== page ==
In the present study we investigated long-term interactions between opioid and cannabinoid drugs at several steps along their cellular signal transduction pathways. For this purpose we co-transfected HEK-293 and COS-7 cells with δ-opioid (DOR) and CB1-cannabinoid receptors, and examined the effect of prolonged exposure to either opioid (etorphine) or cannabinoid (DALN) agonists on DOR and CB-1 receptor density and on the ability of subsequent application of the agonists to activate G-proteins (as measured by [35S]GTPγS binding) and to inhibit cAMP production. In HEK-293 cells, etorphine induced both homologous and heterologous desensitization, while DALN induced only homologous desensitization. This asymmetric cross-desensitization coincided with asymmetric cross downregulation: etorphine downregulated the binding of the cannabinoid ligand [3H]CP55,940, while DALN failed to reduce the binding of the opioid ligand [3H]diprenorphine. In contrast to the asymmetric desensitization in HEK-293 cells, COS-7 cells presented a two-way cross-desensitization between opioid and cannabinoid agonists, and DALN downregulated the binding of [3H]diprenorphine in these cells. Thus, a complete correlation was found between downregulation and reduction in cell responsiveness ('desensitization'). Moreover, when opioid downregulation in HEK-293 cells was inhibited by either hypertonic sucrose solution or protein kinase inhibitors, desensitization was suppressed to the same extent. These results suggest that, under the present experimental conditions, the reduction in cell responsiveness resulted primarily from downregulation of the receptors.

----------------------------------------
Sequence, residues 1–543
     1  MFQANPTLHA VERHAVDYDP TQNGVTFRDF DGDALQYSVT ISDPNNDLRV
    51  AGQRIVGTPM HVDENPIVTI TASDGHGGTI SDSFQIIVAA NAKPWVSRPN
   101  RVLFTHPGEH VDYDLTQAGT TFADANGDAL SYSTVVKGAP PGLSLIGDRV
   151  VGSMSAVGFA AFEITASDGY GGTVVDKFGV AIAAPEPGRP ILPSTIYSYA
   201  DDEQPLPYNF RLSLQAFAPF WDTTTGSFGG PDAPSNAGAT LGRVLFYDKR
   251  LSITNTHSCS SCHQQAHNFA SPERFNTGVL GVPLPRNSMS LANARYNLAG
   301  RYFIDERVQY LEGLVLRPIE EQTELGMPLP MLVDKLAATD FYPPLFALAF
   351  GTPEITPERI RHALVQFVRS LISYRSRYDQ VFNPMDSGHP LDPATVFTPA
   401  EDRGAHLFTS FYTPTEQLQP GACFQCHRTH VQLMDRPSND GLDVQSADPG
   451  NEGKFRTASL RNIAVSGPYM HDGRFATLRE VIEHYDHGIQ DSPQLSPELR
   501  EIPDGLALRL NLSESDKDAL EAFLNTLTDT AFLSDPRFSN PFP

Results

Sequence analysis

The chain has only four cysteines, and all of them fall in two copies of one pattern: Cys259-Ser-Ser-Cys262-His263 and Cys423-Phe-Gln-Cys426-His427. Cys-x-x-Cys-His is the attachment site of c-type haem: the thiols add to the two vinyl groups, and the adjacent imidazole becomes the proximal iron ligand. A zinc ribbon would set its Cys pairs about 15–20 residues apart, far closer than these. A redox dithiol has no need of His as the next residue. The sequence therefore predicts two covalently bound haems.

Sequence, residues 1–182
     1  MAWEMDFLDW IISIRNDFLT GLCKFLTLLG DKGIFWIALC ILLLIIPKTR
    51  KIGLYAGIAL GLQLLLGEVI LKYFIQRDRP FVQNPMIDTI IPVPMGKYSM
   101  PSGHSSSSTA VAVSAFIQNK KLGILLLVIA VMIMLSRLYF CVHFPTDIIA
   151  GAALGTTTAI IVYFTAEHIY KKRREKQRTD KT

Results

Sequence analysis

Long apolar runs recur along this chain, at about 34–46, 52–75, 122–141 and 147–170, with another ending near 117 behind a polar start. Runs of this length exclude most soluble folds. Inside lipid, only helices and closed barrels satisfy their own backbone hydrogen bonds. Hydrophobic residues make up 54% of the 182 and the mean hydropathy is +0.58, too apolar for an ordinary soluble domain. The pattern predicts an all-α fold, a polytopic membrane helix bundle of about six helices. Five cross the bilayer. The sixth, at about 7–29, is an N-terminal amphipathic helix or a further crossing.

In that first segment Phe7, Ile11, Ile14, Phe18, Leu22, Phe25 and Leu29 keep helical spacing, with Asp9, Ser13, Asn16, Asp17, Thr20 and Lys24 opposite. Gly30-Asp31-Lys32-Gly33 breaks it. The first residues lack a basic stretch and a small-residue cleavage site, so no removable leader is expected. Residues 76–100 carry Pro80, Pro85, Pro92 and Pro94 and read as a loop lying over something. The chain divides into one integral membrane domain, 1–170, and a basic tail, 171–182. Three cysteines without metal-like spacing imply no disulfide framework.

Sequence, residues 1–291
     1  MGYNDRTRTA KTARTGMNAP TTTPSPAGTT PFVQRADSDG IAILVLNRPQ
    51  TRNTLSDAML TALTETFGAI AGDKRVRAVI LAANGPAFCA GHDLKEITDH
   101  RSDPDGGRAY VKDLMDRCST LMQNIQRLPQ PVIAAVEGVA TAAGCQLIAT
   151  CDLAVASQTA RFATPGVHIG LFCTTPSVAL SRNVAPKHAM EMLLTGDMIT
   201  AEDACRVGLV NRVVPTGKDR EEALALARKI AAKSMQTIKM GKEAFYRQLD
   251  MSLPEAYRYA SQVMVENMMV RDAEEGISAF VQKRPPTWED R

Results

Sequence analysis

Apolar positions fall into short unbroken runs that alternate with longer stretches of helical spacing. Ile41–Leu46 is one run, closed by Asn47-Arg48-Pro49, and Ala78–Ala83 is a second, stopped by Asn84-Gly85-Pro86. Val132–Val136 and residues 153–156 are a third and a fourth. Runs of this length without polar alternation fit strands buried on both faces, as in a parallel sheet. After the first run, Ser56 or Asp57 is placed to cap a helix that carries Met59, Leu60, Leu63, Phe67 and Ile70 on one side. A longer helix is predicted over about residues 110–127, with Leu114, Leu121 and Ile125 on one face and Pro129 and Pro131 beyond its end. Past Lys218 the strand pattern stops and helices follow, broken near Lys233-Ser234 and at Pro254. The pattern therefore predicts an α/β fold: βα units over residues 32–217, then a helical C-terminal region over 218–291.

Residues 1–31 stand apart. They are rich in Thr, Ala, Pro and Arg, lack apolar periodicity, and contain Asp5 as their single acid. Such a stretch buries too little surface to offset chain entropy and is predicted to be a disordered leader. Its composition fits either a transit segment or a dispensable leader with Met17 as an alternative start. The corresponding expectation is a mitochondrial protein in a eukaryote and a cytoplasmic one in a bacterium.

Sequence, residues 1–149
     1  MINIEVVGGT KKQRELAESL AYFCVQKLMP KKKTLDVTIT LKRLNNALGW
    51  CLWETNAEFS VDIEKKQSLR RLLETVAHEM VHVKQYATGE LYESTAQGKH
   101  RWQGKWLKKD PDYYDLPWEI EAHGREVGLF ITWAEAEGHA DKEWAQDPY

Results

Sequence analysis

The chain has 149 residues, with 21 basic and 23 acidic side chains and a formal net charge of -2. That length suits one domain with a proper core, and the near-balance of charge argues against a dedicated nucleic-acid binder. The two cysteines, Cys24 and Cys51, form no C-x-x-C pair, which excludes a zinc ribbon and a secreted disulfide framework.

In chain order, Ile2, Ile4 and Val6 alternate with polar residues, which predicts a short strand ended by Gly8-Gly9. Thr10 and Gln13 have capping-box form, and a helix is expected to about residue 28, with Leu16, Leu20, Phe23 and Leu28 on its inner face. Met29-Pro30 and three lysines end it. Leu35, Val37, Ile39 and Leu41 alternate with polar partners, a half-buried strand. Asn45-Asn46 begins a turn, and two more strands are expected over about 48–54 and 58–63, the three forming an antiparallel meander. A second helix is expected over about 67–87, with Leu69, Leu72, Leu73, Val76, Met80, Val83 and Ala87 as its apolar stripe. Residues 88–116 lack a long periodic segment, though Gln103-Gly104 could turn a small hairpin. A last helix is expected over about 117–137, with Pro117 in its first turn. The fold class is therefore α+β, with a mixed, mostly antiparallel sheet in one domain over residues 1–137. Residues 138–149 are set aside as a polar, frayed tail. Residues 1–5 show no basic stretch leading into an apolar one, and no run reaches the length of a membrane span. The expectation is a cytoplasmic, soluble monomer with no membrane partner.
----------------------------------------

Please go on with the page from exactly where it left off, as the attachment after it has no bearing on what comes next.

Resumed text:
- GTP-binding protein